LOS ANGELES -- The United States’ 5-2 win over Japan on Sunday in the Women’s World Cup final brought a record rating, with more than 25 million people watching the game on Fox.
With another 1.27 million watching on Spanish language network Telemundo, the combined audience of 26.7 million made it the most-watched soccer game in U.S. history, surpassing the 26.5 million who watched the men’s World Cup final between Germany and Argentina last year.
To put these numbers into perspective, more people watched the American women's soccer final than all but one game of the recent record-setting NBA Finals on ABC, according to Forbes.
"That is huge because it has long been an argument as to why female athletes get paid so much less than their male counterparts, but I think this game proves there is a massive viewing audience who will indeed watch women compete," said Michele Yulo, founder and creator of the girl empowerment blog Princess Free Zone.
And yet, women's soccer still doesn't get even close to the money and respect the men get.
ThinkProgress.org noted how the victorious American women's team will get $2 million in winnings from FIFA, the international body that oversees the World Cup, while the American men's team got $8 million for losing in the first round of the knockout stage last year. Germany, which won the World Cup last year, received $35 million.
The financial prizes are not the only signs of the dramatically different respect for the men's and women's programs. In this year's World Cup, FIFA forced the women to play all their games on artificial turf and not grass, which the men always play on. Artificial turf increases the risk of injury and can make it feel 20 to 30 degrees hotter on the field, female players argued.
A group of leading players from around the world filed a gender discrimination lawsuit in a Canadian court over the issue. FIFA has since said the women will play on grass in 2019.
"When we sort of peel back the layers a bit, the fact that these women are still playing on artificial turf or did for this World Cup ... and the fact that the prize money is just a fraction of what the men get, I think that is indicative of unfortunately the second-class status that girls and women's sports still face," said Neena Chaudhry, senior counsel and director of equal opportunities in athletics for the National Women's Law Center.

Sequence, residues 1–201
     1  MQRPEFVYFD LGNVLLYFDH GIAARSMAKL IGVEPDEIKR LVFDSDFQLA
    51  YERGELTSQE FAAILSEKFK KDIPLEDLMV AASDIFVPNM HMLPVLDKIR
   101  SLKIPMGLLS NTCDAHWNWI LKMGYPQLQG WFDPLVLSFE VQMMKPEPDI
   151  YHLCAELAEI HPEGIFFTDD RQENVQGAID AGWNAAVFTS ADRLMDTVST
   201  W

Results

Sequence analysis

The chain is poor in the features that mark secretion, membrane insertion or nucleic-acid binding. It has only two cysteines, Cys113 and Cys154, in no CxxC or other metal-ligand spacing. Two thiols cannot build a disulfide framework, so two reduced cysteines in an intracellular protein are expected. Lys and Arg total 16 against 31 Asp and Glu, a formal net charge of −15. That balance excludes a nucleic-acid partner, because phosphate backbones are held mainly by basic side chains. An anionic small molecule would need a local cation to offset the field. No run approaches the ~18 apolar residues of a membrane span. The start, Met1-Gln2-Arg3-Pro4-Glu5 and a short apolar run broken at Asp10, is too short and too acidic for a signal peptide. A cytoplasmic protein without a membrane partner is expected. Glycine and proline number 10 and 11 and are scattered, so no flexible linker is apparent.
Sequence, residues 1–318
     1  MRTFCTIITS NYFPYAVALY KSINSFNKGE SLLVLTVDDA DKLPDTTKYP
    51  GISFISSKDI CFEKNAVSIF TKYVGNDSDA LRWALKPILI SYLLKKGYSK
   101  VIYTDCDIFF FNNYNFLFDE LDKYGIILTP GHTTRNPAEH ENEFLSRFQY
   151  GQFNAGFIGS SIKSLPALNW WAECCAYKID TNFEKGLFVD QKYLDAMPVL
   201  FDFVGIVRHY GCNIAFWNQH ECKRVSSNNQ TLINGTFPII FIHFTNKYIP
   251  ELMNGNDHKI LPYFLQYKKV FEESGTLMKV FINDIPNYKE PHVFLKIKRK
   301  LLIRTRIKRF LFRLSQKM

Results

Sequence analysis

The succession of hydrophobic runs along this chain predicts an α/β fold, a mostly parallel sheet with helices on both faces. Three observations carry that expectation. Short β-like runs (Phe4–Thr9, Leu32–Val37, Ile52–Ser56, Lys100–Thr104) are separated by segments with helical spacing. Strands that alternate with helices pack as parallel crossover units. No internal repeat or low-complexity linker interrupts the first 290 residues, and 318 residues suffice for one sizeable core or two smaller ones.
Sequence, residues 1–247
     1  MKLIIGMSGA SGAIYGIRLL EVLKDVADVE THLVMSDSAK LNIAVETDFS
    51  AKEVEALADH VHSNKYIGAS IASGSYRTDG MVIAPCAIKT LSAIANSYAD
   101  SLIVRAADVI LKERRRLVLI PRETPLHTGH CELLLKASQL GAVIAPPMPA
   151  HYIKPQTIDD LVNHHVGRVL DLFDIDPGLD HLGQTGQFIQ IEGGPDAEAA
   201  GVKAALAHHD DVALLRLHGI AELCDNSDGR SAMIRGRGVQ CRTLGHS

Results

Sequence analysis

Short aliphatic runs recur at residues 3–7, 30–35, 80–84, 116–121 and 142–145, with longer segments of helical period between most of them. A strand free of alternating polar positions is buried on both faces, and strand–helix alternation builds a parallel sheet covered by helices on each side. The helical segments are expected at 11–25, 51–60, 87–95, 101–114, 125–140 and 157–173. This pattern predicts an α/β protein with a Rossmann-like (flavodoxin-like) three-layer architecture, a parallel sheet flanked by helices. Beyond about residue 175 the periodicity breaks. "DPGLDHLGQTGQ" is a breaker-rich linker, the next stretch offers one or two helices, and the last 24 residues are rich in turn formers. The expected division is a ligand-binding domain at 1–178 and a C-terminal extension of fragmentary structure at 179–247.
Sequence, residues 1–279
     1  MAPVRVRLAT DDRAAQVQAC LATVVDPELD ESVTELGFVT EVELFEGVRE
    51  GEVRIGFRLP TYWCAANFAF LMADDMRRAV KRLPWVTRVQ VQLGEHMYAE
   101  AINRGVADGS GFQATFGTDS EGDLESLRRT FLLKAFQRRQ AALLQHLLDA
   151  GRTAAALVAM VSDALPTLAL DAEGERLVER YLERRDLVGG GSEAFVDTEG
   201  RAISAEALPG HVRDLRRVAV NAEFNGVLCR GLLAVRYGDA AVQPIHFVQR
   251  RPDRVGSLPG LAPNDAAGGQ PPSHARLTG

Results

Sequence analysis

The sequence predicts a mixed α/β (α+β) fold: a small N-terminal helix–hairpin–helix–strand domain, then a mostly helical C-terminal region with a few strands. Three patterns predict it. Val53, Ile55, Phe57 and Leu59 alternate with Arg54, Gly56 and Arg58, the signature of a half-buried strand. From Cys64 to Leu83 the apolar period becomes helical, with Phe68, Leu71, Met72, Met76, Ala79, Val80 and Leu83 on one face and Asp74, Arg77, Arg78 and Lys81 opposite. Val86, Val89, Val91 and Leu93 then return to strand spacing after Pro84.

Who can forget the embattled FIFA president Sepp Blatter saying that women should play in more "feminine clothes" such as "tighter shorts," or a FIFA article last week on Alex Morgan that called her a "talented goal scorer with a style that is very easy on the eye and good looks to match."
Just before the women's quarterfinal match against China in the World Cup, a new report was released showing how big the gaps are in high school when it comes to sports teams for girls and boys.
The report, a state-by-state ranking by the National Women's Law Center, found that 28 percent of coed public high schools with interscholastic sports programs have what are considered to be large gender disparities in access to team sports -- meaning that the percentage of students who are girls is not close to equal to the share of women on sports teams.
Chaudhry of the National Women's Law Center hopes the U.S. women's soccer victory, with its massive ratings, will lead to more schools giving more chances for girls and young women to play soccer or whatever other sport they choose.
"I hope that it does in fact spur more opportunities for girls and women at every level and put to rest some of these stereotypes or arguments that girls aren't interested in sports and people aren't interested in watching women play sports," she said.
She also said she hopes the inequalities faced by elite female athletes, especially when it comes to money, will "reignite the discussion about how far we still have to go to really level the playing field for girls and women."
U.S. player Abby Wambach talked about some of the criticism the U.S. women's team faced for its less than stellar performance at times during the tournament.
"We want to be treated like the men," she said referring to the criticism. “We can take it, just like the guys can,” she said.
Maybe after her and her teammates' record-breaking victory, they will move that much closer to getting their wish.